Happiness is one of the positive effects of eating one’s favorite food. No one can deny that just eating a yummy meal is able to boost one’s mood all day long, especially when we share it with loved ones.
Eating and joyfully sharing food with others definitely sets a mood during Islamic holidays. Currently, the Islamic world is gearing up to welcome the Festival of Sacrifice and Feasting (Eid al-Adha), which marks the end of the pilgrimage (Hajj) to Mecca.
Prophet Muhammad said describing the days of Eid, “The days of Tashriq are the days of eating and drinking.” Therefore fasting during those days are definitely prohibited.
The four-day feast begins exactly on the 10th of Dhu Al Hijjah, the last month in the Islamic calendar.
On that day, Muslims start celebrating by offering a special prayer (Salat Al- Eid) that consists of two units (two Raqa’a) followed by a short sermon in which the Imam usually reminds the attendees of Allah’s uncountable blessings and tells them the story of the Prophet Ibrahim and his son, Isma’il (peace be upon them), who was ransomed with a lamb.
After offering the Eid prayer, it is time to offer sacrifices, which are typically a lamb, following the way of Prophet Ibrahim (peace be upon him).
After finishing the animal sacrifice ritual and giving a share of it to poor people and those who are in need, the time of family gathering at the dining table comes. Different dishes of meat are served on all Muslims’ dining tables at that time.
All the women race with one another, decorating their tables with the most delicious meat dishes. Each woman has her own secret recipe that makes her dish yummy and special. Even at restaurants, meat is the main dish.
Many traditional dishes, based on meat, differ from country to country; for example, in the Arab region, Fattah is the most famous traditional dish that adorns dining tables in many countries, and each country has its own special method to cook Fattah. The Egyptian method is one of the most famous methods worldwide.
Here is how to prepare the Egyptian traditional dish of Eid al-Adha:
What you need
- 1 kg of white rice.
- 3 loaves of flatbread.
- 50 ml of vinegar.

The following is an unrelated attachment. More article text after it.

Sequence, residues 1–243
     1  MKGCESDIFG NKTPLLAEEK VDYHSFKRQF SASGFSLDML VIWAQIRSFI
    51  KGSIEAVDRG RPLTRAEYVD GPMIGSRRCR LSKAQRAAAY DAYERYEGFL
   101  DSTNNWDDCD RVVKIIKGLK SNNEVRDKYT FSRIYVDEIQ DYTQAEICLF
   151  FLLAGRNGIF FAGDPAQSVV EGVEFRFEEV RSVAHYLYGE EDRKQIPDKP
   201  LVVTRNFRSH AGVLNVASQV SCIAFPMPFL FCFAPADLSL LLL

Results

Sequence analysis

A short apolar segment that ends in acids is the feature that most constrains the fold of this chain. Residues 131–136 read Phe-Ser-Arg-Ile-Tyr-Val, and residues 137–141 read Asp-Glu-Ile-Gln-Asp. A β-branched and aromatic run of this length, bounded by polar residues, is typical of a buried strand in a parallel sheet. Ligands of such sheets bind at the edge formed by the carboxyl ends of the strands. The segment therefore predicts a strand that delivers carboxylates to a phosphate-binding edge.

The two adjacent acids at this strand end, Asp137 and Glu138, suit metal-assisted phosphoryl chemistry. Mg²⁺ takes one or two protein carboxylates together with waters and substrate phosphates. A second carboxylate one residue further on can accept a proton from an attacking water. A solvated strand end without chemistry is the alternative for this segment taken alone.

- Salt and pepper.
- 10 tablespoons of natural ghee (you can use cooking butter or oil instead.)
- 100 g of minced garlic.
- 2 onions.
- 1 kg of meat cubes.
- ½ kg of fresh tomatoes.
How to cook
Heat 2 tablespoons of ghee in a large pot over medium heat. Add the chopped onion followed by the meat cubes. Stir together until the color of the meat begins to change. Season with salt, pepper, and other preferred spices. Add water until it covers the meat. Cover the pot and wait until the meat is cooked.
After the meat is done, pick the meat cubes and put the broth aside. In a large pan, heat 2 tablespoons of ghee. Add the boiled meat cubes. Fry until the color changes.
Into another large pot, pour in the meat broth. Add the rice and 3 tablespoons of ghee. Stir together; once the broth
In an average pot, heat 1 tablespoon of ghee over medium heat. Add the minced garlic and stir until fragrant. Next pour in the vinegar, then the tomato juice. Add salt and pepper. Cook until it becomes a thick sauce.
In an oven pan, cut 3 loaves of flatbread into equal small pieces. Add ¼ cup of oil and mix together well . Bake in the oven for about 10 minutes.
It is serving time! Bring an extra-large plate. Place a layer of the golden crispy fried bread on the plate, then cover it with a layer of the white rice, then pour the fragrant tomato sauce on top of the rice. Finally, arrange the meat cubes neatly around the rice in an attractive manner.